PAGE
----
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In Search of the Novel:Teacher-TalkNovel

Subject: Re: Three Book Project

From: Jennifer Hack (jhack@mail.phila.k12.pa.us)
Date: Mon Apr 10 2000 - 13:49:39 EDT

Dear Cheryl,

In order to facilitate some of the many facets of English Language Arts, I
am compelled to give my students at home assignments. This particular
assignment, The Three Book Project, has a timeline of 6 weeks with periodic
dates associated with "book checks" (to encourage continuous reading in a
timely fashion) for each literary work. For example, summaries are
required on given dates and used during mini-group interactions ( with
students who were reading the same literary piece). (Record keeping for
class/home work grades)

In the interim, we work on a unit of Poetry by examining poetry terms and
various poems on a timeline continuum (based on the curricular literary
genres, i,e, 11th grade American literature and 12th English literature).
As we also treat poetry as a form of reading comprehension as well as
literature, it works to augument skills that assist students in their at
home reading projects. While we explore themes and literary elements in
class, they see application, anyway a number of them seem to do so, in
their independent readings.

Because they select books from a prescribed, School District sponsored and
leveled reading list, even the most controversial works, such as Lysistrata
and Song of Solomon are less likely to generate parental unrest.

To address the written component of this assignment, I teach a form of a
Newsletter ( it varies somewhat from year to year ) that addresses the
elements of the Newsletter while incorporating literary elements. I also
give them a template and discuss how they need to address each of their
readings while balancing what and how they write.

To facilitate the oral component of the assignment, they relate to one of
readings by demonstrating original games that incorporate the plots of
their selected stories, or they create and sing (with music) original songs
for commercials for their readings, or they create original dramatic scenes

For the Newsletter, I create a rubric that is based on the oral and written
directions given for the project. I then grade each according to how well
they address each objective given. For the oral presentation, I create a
rubic that once again addresses the directions given... If during their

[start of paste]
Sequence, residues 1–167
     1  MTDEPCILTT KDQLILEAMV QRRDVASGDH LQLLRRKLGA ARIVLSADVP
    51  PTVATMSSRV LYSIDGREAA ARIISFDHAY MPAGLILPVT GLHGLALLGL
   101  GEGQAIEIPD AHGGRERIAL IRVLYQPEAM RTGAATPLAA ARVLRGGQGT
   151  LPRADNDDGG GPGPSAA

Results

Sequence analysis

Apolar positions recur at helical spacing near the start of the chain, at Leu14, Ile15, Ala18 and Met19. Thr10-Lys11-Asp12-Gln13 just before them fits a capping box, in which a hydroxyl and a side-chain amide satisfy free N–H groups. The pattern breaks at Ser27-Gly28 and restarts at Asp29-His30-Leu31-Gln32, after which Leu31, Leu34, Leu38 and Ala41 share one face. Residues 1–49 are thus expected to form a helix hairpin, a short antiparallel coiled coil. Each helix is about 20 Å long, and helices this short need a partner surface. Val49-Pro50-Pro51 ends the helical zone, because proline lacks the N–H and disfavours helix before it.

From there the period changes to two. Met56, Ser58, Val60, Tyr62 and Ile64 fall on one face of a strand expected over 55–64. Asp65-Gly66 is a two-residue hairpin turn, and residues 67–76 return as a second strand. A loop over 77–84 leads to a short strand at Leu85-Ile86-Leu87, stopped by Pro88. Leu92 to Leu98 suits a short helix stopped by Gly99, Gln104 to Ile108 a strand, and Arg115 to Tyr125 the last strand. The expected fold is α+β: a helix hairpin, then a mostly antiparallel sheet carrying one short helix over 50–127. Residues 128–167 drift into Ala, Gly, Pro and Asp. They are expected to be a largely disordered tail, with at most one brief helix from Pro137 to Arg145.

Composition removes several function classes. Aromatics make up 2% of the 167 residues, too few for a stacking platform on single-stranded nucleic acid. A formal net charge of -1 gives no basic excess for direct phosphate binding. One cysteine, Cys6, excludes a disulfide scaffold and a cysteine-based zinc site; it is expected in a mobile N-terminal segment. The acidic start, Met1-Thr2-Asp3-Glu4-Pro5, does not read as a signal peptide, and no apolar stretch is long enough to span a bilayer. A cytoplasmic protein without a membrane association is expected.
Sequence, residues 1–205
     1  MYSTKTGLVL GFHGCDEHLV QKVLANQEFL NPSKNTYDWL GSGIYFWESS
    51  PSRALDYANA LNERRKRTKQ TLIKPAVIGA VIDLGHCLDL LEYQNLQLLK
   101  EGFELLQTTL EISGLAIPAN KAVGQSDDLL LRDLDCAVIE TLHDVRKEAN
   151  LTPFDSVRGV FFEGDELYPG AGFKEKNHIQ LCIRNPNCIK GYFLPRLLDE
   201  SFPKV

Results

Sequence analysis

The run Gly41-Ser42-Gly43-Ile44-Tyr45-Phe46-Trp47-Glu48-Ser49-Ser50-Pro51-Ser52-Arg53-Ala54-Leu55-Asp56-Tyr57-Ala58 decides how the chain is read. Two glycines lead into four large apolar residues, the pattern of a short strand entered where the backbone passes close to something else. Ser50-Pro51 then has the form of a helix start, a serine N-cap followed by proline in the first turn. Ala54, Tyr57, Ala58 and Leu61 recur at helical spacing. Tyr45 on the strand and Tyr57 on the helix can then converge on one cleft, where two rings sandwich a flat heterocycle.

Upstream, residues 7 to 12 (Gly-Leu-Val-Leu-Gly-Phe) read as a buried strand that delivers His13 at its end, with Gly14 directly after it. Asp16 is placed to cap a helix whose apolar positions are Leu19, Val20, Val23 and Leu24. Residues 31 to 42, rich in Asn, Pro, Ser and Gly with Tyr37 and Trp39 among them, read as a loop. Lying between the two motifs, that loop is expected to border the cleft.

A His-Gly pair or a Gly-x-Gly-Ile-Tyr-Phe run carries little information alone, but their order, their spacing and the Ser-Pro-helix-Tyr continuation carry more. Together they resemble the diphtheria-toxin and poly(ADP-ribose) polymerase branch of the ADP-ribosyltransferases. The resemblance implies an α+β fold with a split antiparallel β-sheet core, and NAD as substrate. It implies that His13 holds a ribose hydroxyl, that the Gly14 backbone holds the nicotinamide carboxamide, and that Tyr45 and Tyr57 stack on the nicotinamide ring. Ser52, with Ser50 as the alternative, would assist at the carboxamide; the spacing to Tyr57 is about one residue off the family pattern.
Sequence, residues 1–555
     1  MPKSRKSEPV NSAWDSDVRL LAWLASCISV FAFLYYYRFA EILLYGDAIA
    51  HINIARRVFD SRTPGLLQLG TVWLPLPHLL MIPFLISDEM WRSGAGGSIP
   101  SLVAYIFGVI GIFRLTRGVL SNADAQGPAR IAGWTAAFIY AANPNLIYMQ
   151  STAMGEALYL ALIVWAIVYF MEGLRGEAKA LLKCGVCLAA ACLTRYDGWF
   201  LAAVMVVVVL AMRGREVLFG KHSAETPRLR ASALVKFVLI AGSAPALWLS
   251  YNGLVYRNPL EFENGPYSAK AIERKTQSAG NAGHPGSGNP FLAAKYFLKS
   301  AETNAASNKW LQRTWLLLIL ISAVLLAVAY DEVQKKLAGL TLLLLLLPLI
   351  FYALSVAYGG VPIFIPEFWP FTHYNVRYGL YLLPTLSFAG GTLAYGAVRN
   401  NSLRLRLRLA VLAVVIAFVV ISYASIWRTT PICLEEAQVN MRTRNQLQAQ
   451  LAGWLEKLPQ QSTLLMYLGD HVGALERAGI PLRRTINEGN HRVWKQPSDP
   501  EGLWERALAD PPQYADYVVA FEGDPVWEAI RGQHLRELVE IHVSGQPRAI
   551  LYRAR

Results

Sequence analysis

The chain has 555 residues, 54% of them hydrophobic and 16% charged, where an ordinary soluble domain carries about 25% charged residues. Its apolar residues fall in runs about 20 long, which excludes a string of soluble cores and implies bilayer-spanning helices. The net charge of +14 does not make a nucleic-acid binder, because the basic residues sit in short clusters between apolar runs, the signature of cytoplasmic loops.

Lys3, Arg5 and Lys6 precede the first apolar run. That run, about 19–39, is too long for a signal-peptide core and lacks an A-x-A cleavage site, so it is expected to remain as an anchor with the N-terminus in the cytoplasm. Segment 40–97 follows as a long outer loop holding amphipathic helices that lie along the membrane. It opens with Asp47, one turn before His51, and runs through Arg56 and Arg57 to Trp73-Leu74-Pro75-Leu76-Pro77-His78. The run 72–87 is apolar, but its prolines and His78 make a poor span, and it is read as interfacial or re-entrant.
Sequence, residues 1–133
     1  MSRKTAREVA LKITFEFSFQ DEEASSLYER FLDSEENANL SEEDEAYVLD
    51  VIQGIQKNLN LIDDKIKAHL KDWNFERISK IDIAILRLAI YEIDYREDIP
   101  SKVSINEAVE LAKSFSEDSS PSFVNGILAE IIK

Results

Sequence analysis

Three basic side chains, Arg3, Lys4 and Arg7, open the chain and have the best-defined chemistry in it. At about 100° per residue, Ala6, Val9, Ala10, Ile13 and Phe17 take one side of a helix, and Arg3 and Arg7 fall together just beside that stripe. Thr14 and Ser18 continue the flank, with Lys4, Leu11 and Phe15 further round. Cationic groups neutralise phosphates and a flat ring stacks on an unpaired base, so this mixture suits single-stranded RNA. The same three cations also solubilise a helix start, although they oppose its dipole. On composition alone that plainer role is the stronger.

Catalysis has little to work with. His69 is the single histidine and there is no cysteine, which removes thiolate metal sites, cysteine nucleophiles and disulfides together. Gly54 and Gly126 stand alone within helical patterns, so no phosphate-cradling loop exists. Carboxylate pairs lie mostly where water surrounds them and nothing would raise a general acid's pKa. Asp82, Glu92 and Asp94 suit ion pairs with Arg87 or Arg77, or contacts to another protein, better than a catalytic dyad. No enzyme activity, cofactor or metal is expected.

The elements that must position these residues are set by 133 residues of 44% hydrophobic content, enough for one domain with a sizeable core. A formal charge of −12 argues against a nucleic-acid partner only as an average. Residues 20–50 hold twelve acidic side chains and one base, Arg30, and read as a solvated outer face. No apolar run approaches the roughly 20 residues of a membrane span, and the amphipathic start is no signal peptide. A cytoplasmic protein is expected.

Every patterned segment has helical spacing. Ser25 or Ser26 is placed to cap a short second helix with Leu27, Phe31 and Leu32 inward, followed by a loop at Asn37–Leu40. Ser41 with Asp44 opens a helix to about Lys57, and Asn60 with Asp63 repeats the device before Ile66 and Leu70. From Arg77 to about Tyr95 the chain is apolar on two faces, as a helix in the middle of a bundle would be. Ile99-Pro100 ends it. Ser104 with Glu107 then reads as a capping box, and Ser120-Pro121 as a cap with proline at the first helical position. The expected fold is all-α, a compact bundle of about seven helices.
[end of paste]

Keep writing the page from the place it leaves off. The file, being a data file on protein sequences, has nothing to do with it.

oral presentations students need to be prodded to provide information, I
usually question, if one of their peers has not already done so, to elicit
more information. (More record keeping; here I take notes)

For these assignments, they are given, then, two major assessment grades.
All successful Newsletters (most students do well with this assignment) are
published around the room as well as on the bulletin board in the corridor.
For both teacher and student, this is usually a win-win situation.

As performance based activites, the Newsletter and the oral presentation
allow for the flexibility of multiple intelligences and for a successful
environment for those students who seem to experience difficulty with
tradition testing methods.

As we have recently finished with this year's, Three Book Project, I must
say that one group in particular exceeded my expectations with their
dramatic skits and original commercials. Pleased with their own successes,
they published their individual reactions, and I found that some of their
peers in other classes questioned me about their oral performances.

I hope, Cheryl, that this lengthy explanation is helpful to you.


>I have a few questions about your Three Book Project:
>>For this activity, students
>>are allowed to select and register books/dramas from a pre-sanctioned,
>>grade level listing .
>Is this your list? One put out by another source?
>>After keeping a journal of their readings, they are asked to construct a
>>literary newsletter that addresses key
>>elements of the newsletter skills that are taught in the interim, and
>>they are asked to respond to various literary
>>questions. As this performance based activity also involves an oral
>>component (i.e. creating a skit for a
>>"hidden scene", or creating an original board game based on one of the
>>stories, or creating an original
>>commercial ( with music, song or dance) to sell the literary work, I find
>>that even the slower readers work
>>harder to successfully complete this project.
>How long do students have to complete this Three Book Project? Is this
>all that the class is working on during this designated amount of time, or
>is this project done outside of school?
>>One of the positives, I believe, about the assignment is the grading
>>system that accompanies it.
>>Usually it generates two grades -- one for the written component and one
>>for the oral. As these grades are
>>not related to test stress, many students go beyond the directives given.
>Is the project graded--or is just the presentation of the project graded?
>>The only drawbacks involve the amount of time required for bookkeeping
>>and note taking on the part of the
>What sort of bookkeeping are you currently doing?


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